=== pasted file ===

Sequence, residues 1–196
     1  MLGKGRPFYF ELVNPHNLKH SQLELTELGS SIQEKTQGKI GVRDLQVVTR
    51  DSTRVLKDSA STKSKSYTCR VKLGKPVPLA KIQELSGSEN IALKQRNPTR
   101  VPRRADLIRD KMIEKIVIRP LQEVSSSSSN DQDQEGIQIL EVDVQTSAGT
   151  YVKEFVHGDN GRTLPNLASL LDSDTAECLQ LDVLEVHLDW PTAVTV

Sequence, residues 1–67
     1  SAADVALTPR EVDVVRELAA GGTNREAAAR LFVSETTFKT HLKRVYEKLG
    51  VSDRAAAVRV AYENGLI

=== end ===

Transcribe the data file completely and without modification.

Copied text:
Sequence, residues 1–196
     1  MLGKGRPFYF ELVNPHNLKH SQLELTELGS SIQEKTQGKI GVRDLQVVTR
    51  DSTRVLKDSA STKSKSYTCR VKLGKPVPLA KIQELSGSEN IALKQRNPTR
   101  VPRRADLIRD KMIEKIVIRP LQEVSSSSSN DQDQEGIQIL EVDVQTSAGT
   151  YVKEFVHGDN GRTLPNLASL LDSDTAECLQ LDVLEVHLDW PTAVTV

Sequence, residues 1–67
     1  SAADVALTPR EVDVVRELAA GGTNREAAAR LFVSETTFKT HLKRVYEKLG
    51  VSDRAAAVRV AYENGLI